Generally, people are falsely under the impression that colleges and universities are strapped for cash, when in fact they are not. Tuition fees are thousands of dollars per year, coming from thousands of students, not to mention bookstores, residence fees, etc. Tuition in Canada is very expensive, ranging from $ 2,000 to $ 2,500 per term for universities, and is perceived as inexpensive only because tuition for colleges and universities in the United-States can cost hundreds of thousands of dollars. Furthermore, Canadian universities are considered to be under a public education system, when in reality they are not. The vast majority of Canadian universities are public only in so far as they receive some public funding, but they are privately owned and operated. In other words, the post-secondary education system in Canada is one in which the government provides subsidies to support massive private wealth.

The Vulture Strategy

Throughout the three month stoppage at York University, the administration conducted itself in a very predictable way, and within specific tactical guidelines which were clear from day one. The union probably knew as well as anyone that the university was not going to make any sort of reasonable offer and would hold out for as long as necessary, because to them the standoff was about money far more so than it was for the union, and simply because they knew they could afford to, and knew they would get away with it. As was pointed out earlier, Canadian universities in general are very financially comfortable, especially the countrie's most prominent ones, the biggest universities in the big cities. Even more specifically Toronto area universities have experienced higher demand and steadily rising levels of enrollment and applications for several years, a long-term trend that will readily continue. Furthermore, it is fact that university enrollment increases in time of economic downturn as people lose their jobs and often go back to school in order to train for new vocations. In other words universities are recession-proof businesses which are not affected negatively by the monetary pressures of a financial crunch.

From the outset the university knew that several factors would play in their favour. First, they knew that one-dimensional public opinion would go against the striking teachers, and primarily it did, without examining the facts and without analysing the situation for themselves.** Secondly, they knew that the media would be either on their side, or at least would present an incomplete version of facts. The media instinctively tended to stress how long the students were out of class for, and not the true nature of the fundamental reasons behind the strike. And third, the administration knew that the government would eventually intervene if they held out long enough. So, the vulture strategy is that of making meager offers at the bargaining table and waiting either on the union to starve, or on the government to pass legislation. One common argument by the administration throughout the conflict was that the university did not have enough money to fulfill the teachers' demands, even though these demands were based largely on job-security and funding issues and not pay-raise oriented. Their claim was that they didn't have enough money because of the current recession, and because of the financial losses resulting from the strike, but as we saw with the reasons discussed in the previous paragraph, these arguments are null and void. It did, however, simultaneously have enough money to keep making unreasonable offers and to drag the strike out for almost three months. If the financial losses from the strike were so devastating to the university's coffers, then it surely would have been in their interest to make a fair offer and to end the strike as soon as possible, something the administration was clearly unwilling to do.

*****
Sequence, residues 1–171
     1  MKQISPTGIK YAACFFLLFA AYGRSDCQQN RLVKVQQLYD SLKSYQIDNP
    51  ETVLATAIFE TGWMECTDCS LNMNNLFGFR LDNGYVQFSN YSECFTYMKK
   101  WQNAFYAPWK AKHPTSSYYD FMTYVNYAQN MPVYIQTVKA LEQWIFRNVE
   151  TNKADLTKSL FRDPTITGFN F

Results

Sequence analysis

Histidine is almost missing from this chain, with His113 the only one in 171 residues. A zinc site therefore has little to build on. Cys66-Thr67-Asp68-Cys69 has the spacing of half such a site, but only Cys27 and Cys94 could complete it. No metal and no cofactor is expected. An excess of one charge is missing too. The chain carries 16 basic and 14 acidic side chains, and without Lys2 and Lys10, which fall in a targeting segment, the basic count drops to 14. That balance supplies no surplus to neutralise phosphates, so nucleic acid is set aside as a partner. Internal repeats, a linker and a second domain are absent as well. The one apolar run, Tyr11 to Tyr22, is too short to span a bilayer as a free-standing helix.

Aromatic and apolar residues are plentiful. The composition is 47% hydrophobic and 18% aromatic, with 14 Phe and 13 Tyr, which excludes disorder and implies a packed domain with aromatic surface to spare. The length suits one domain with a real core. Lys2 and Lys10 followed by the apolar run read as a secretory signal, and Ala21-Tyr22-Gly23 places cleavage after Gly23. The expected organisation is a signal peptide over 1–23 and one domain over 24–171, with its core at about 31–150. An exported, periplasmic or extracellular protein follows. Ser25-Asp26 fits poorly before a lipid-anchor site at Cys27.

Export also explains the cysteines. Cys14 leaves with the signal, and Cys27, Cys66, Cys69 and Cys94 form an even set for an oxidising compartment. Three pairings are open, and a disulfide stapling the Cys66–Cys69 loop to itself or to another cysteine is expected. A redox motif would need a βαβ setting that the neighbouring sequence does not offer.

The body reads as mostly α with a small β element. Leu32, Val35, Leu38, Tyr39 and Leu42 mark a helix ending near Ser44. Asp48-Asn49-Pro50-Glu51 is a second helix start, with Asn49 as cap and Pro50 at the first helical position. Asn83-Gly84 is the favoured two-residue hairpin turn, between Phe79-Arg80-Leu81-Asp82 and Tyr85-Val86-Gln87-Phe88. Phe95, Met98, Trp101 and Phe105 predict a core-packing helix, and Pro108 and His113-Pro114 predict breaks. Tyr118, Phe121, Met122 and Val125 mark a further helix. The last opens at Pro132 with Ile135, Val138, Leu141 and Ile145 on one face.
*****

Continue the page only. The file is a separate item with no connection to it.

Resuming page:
During the late stages of the strike, the local had dropped many of its demands and was willing to settle with York, the university side was made aware of this, but continued to hold out knowing government would step in; a few days later the Liberals spearheaded the back-to-work legislation. The university's handling of the conflict was very unethical, and very unjust. In general, it is unethical that universities are run as businesses and not as institutions of quality public service as they should be. Another example of why healthcare and education should never be allowed to run on a for-profit basis. The
2008-09 York University Strike was also a symbolic action because it affirmed, not necessarily the strenght of public unions at leadership levels in this country, but certainly the increasing grassroots efficiency and militancy of CUPE locals across Canada.